Many years ago, project cargo became an integrated part of Maersk’s total business. Now, Maersk has taken the next step in this venture.
Maersk’s plan for the division, which is broadly defined as cargo that cannot be transported in a standard container, is in many ways similar to the plan governing Maersk’s overall strategy. Maersk will sit on a larger share of the project cargo value chain, as is the case in the container division, in which Damco and Maersk Line have been cobbled together under Maersk.
Breakbulk News has asked around and it seems that first of all this is nothing new as other liners have done, or are doing the same. We see project freight forwarders becoming a liner and liners becoming project forwarders. Many of the forwarders we have spoken have taken Maersk of their list of potential liner service for their customer’s project cargo as they have now become a competitor.
Specialty or project cargo is more than just shipping from point A to B and takes project management and trangineering skills that is not to be found at liners. They see large profits but do not take the extra liabilities in consideration, one of the interviewed project logistics companies told us.
As a point of departure, the majority of customers are demanding broader solutions than just ocean transport. Previously, we moved customer cargo from port to port, and then there were others which took over from there. However, customers are increasingly interested in buying a broader solution,” says Kristian Lund Knudsen, Director and Global Head of Special and Dangerous Cargo Solutions in Maersk.
Previously, we moved customer cargo from port to port, and then there were others which took over from there. However, customers are increasingly interested in buying a broader solution.
Maersk says that the carrier will not own the lorries required to transport, for example, a turbine blade. However, while Maersk has primarily operated within sea freight, the ambition to offer customers more links in the value chain by, for example, moving containers to a lorry and on to the final destination.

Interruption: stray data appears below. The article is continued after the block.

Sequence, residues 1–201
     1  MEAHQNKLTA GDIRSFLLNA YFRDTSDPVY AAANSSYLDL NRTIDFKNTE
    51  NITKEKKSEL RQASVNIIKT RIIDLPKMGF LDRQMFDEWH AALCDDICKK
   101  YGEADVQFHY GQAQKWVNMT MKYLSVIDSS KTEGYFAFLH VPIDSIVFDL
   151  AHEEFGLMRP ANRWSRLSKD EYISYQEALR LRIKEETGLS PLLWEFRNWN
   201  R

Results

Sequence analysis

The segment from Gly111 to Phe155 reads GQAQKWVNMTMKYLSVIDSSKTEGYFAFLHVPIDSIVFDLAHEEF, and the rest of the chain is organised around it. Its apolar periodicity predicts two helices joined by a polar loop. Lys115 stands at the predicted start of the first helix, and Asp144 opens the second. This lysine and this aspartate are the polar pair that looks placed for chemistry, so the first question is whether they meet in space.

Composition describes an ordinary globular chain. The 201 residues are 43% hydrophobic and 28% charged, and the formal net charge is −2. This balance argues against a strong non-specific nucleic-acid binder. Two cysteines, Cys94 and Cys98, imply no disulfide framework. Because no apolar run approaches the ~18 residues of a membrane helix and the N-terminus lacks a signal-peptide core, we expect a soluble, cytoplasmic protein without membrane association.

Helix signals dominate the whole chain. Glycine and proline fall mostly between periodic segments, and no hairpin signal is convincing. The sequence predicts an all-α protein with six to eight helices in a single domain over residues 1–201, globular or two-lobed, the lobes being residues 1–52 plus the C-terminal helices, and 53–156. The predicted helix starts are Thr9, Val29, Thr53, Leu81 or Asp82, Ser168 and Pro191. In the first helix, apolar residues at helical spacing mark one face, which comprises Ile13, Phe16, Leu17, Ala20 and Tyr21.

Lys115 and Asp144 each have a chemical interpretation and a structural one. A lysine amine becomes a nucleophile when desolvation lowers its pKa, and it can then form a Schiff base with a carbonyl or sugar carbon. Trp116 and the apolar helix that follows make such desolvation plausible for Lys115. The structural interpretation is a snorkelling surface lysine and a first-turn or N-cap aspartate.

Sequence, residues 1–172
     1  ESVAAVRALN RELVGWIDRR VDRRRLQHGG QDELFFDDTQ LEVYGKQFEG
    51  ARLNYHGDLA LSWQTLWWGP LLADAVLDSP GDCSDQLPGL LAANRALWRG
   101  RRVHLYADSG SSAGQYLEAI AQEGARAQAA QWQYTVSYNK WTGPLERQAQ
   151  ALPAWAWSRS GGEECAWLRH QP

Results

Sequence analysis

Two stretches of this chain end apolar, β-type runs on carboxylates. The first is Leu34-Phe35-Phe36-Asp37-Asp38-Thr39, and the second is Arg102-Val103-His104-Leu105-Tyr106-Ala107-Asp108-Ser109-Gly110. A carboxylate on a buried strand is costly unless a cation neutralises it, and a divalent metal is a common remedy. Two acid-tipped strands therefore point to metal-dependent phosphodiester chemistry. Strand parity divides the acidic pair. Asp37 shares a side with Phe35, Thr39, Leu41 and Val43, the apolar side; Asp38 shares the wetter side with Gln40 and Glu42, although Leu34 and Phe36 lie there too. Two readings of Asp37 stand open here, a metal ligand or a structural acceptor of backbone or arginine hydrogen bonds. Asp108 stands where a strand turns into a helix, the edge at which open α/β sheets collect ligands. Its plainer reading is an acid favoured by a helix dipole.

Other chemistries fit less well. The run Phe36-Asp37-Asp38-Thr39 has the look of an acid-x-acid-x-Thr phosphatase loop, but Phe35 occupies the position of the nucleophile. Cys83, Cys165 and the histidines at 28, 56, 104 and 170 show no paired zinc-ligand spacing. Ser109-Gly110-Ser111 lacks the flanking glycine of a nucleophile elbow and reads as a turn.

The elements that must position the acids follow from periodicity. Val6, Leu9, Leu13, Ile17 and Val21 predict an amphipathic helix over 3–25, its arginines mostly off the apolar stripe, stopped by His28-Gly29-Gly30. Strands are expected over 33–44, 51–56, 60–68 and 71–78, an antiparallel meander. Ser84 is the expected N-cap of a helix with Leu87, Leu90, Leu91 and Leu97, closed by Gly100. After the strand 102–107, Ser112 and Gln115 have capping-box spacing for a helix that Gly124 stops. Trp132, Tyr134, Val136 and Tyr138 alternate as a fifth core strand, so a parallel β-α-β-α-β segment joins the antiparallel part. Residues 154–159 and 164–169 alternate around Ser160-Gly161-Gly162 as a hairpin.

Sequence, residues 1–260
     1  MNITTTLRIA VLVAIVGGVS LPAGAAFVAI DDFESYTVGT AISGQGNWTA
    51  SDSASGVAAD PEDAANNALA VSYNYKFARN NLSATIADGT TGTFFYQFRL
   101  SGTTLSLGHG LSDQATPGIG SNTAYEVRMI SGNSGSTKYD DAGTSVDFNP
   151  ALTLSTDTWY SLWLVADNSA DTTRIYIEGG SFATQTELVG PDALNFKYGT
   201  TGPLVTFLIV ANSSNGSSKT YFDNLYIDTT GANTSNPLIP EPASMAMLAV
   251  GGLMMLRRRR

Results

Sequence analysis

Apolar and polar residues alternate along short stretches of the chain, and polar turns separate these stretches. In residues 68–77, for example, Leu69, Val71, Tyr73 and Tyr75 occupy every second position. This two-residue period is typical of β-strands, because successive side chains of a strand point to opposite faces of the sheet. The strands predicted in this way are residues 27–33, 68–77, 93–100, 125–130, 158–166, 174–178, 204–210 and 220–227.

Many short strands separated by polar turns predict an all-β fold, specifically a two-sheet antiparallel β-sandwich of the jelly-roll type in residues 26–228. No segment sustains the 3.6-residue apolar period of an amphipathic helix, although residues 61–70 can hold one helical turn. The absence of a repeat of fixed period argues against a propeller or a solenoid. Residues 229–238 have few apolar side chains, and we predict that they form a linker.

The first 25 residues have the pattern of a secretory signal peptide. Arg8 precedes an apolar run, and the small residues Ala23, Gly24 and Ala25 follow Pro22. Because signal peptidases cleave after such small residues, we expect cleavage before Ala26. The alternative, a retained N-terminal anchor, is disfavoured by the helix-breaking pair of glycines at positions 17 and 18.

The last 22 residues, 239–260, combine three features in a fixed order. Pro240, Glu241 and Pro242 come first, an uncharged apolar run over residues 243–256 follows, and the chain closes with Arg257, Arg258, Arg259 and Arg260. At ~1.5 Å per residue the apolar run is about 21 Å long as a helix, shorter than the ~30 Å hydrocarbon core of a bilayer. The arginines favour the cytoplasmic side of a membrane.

“There can be huge differences between specialty cargoes, so it is not as though we can offer everything to everyone, but we want to find the customers demanding specific solutions and develop solutions together with them so we can repeat it with other customers where the need arises,” says Lund Knudsen, adding that Maersk currently has a relatively developed setup in North America on that front.
Growing twice as fast
In recent years, container and bulk carriers have secured growing volumes of project cargo, which specialty vessels within the multipurpose, break bulk and heavy lift sector have historically controlled.
The missed freight volumes have been reflected in, for example, reports from owners and operators of special ships as container carriers have increasingly entered the market.
Most recently, German carrier Hansa Heavy had to give up after several years of economic challenges.
Specialty cargo grows significantly faster than the dry container market this also applies to Maersk’s Ocean segment. We want to grow related services on the onshore side even faster.
According to Lund Knudsen, traditional players are still sitting on a larger share of the project cargo market. Looking exclusively at the competition for project cargo between container carriers, Maersk has a market share which is “slightly higher” than the carrier’s general market share, which was previously at 19 percent, says Lund Knudsen.
“Our market share is in strong growth and relative to our global integrator visions we can offer customers a something which has not been on the market before. We can take over more of the task on the onshore side and turn it into an even more effective solution,” he says.
Maersk has not published specific report figures for the business division, but Lund Knudsen reveals that project cargo only makes up a small part of the total business. Meanwhile, according to Lund Knudsen, this is “a very profitable part of the business, which is fast-growing.”
Offer within four hours
Part of strategy is also an increased focus on digitalization.
First of all, it is about reducing the time from when a customer requests an offer on transport of special cargo until the customer receives the offer. Previously, Maersk took approximately one day to return with an offer, but today the carrier is down to six hours.
“Our ambition is to get under four hours,” says Lund Knudsen, adding that the complexity of project cargo means that it is close to impossible to compete with equivalent response times on regular container freight.
Maersk’s head office for project cargo is located in Copenhagen, where Lund Knudsen also sits. Besides this, Maersk has three regional offices in Shanghai, Dubai, Hamburg and one in the US which is split between New Jersey and Texas.